First Advice for Those Entering Retail Sales

If he were walking around the streets today, the richest man I ever knew might be mistakenly thought to be homeless. His clothes were well-worn, almost threadbare, the leather on his shoes was cracked, and he wore no jewellery. The man who accompanied him might be mistaken for a carer of some sort, except that this man was always wearing a tailored suit with fashionable leather shoes, carried a literal bag of money, and he was never without the aid of a reliable and recognisable timepiece. This sharp dressed man was, of course, was the personal assistant to Mr. Phipps, the bedraggled banker he served quietly and with great decorum. 

This PA (let’s call him Johnson, because I never had any idea what his name was) saw to the messy details of Mr. Phipp’s life such as paying for services, food, and the few material items Mr. Phipps might require. Mr. Johnson had an easy job, as Mr. Phipps was as gentle as he was austere. Mr. Phipps also knew that money was about the filthiest thing you could touch, so he never touched it unless it was fresh from the mint. Any previously used money was handled strictly by Mr. Johnson, who took his chances with the germ-ridden currency, but still saw to wash his hands frequently. 

I had a fairly intimate relationship with Mr. Phipps myself. At least I guess it was more intimate that what most of the local 12-year-old boys had with him—I shined his shoes. The leather was old and cracked, as I said, but I did my best to restore it and bring the shine back. He always seemed grateful for my efforts, and he’d have Mr. Johnson reward my labor handsomely by the standards of a 12-year-old shine boy. 

I think of him every time I hear a salesperson brag about the ability to size up potential customers as soon as they walk through the door. “I can tell right off,” they’ll say, “whether someone is ready to spend money. Or even has any money to spend.” The snap judgement and dismissive following behaviour serve only to fulfil the bigoted prophesy. But I suppose our days are filled with nothing but minor miscalculations. We trip over our own feet constantly but usually carry on to walk again.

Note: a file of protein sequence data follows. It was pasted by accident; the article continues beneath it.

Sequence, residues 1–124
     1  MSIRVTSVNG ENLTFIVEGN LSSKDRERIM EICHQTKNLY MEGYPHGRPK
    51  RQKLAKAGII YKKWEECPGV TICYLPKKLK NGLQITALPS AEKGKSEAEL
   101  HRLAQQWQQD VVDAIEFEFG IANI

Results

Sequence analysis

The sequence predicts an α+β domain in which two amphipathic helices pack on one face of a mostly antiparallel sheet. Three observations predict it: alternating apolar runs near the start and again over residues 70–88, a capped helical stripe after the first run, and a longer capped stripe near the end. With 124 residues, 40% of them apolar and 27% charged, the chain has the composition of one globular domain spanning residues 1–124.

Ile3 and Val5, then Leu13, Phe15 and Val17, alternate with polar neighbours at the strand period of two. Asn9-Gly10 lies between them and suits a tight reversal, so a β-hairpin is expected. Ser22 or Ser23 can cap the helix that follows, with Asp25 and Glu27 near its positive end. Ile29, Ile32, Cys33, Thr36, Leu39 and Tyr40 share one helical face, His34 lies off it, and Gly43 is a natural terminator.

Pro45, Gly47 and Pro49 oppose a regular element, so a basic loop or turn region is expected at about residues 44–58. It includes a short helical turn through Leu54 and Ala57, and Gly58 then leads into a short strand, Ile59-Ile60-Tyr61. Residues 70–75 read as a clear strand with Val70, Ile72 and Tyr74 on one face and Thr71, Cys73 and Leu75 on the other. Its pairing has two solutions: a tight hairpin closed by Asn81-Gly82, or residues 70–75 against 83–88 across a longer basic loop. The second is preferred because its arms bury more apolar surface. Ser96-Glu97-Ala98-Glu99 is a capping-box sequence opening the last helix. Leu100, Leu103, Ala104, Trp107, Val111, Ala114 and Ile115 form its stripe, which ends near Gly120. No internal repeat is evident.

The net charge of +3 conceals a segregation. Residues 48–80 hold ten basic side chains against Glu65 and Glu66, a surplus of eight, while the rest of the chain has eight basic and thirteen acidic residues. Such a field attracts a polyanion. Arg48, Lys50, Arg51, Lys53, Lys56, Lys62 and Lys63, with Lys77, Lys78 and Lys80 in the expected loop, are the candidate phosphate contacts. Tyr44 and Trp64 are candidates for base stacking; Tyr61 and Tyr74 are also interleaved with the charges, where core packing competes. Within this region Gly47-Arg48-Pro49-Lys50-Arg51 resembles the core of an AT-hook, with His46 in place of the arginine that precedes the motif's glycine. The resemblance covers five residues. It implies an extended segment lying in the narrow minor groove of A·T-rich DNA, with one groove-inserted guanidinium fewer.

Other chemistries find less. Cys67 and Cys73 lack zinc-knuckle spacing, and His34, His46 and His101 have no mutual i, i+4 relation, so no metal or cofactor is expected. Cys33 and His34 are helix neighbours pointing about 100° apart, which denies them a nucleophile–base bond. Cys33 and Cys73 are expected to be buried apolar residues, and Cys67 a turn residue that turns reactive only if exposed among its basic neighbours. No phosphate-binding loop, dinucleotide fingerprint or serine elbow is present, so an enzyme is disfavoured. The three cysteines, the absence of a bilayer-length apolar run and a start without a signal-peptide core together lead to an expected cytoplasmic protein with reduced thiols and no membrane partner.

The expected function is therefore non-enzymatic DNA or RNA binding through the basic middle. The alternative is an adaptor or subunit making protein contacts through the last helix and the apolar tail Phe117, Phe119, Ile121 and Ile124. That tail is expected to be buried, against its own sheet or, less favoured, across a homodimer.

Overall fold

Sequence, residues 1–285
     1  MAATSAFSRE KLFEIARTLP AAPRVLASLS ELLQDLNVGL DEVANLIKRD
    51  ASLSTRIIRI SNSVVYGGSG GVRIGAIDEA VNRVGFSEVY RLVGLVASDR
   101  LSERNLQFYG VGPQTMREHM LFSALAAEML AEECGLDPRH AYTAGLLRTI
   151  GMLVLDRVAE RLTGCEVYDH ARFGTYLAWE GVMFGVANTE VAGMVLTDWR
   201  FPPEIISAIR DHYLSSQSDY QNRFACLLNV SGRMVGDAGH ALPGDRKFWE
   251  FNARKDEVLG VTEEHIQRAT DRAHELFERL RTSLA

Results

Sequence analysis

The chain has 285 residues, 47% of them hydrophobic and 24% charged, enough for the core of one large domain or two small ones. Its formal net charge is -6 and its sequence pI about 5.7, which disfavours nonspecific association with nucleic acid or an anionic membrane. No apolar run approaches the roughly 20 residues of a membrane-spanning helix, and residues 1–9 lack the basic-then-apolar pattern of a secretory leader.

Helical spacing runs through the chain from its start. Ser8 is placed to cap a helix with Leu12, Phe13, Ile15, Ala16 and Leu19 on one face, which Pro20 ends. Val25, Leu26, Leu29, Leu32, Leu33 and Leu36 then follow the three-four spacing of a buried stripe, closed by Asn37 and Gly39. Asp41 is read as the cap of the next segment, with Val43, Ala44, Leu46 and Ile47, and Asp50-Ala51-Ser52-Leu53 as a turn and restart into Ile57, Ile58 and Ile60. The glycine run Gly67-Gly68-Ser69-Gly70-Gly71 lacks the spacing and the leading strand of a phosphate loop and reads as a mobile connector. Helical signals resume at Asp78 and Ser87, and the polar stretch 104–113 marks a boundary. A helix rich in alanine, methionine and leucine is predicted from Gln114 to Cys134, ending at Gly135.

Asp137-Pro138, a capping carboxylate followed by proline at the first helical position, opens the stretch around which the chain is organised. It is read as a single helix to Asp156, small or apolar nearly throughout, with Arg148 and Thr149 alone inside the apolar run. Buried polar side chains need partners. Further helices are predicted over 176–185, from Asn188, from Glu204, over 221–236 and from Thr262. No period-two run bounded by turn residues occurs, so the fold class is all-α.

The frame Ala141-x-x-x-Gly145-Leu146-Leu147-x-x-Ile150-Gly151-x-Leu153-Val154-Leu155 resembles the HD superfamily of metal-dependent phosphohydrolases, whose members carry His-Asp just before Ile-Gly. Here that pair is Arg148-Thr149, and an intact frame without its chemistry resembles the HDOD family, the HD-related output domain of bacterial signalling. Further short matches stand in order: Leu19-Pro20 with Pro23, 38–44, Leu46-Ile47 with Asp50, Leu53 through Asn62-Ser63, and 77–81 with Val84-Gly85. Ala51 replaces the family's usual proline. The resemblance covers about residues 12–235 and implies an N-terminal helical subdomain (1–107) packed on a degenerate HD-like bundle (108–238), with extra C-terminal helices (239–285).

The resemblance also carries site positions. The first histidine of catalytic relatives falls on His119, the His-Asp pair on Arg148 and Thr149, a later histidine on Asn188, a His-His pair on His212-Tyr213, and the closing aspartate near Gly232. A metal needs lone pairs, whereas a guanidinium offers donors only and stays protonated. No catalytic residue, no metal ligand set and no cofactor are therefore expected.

Galena Park Memories (a story)

“Hey, Kenneth! You gotta birthday comin’ up, dontcha?” one of them blurted from the end of the counter.

“Yessir,” came the diffident reply.

“I think I’m gonna buy you a tractor. You think you’d like that?” the boisterous Screenshot 2019-03-25 at 13.31.33interrogation continued.

“Yessir.”

“I know you need sumpin’ to pull your head out of your ass!” With that, the guffaws erupted from all four at the end of the counter—all pleased with their comedic wit.

Those bullies said Kenneth was “retarded,” and they seemed to think that made it okay to talk to him like that. I was just a kid and didn’t know if words like “retarded” were bad or not, but I felt sorry for Kenneth. I don’t know how smart he was, but I know he never got my order wrong, and he could make a pretty mean grilled cheese.

He was born and raised in Galena Park, just like them bullies were, except he didn’t seem to mind it so much. I liked him because he never seemed to have anything to prove, and the cherry sodas he made were delicious. He never treated me like a kid, and I never treated him like one, either, even if he was like 40 or something.

I think that’s what bothered them bullies so much. Kenneth didn’t care. He didn’t get mad or cry or anything. He just made cherry sodas and grilled cheeses and kept the drugstore counter spotless all the while.

He was a good man, and them bullies knew it. But they had to try to convince people they were better than Kenneth, because everyone knew they damn sure weren’t any better than anyone else. And they weren’t any better than Kenneth, either.